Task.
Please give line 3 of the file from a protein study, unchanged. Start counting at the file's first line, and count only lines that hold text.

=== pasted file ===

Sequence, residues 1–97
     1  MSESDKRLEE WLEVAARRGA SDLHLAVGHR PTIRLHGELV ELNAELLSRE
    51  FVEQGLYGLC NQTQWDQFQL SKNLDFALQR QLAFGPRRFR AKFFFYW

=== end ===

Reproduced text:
    51  FVEQGLYGLC NQTQWDQFQL SKNLDFALQR QLAFGPRRFR AKFFFYW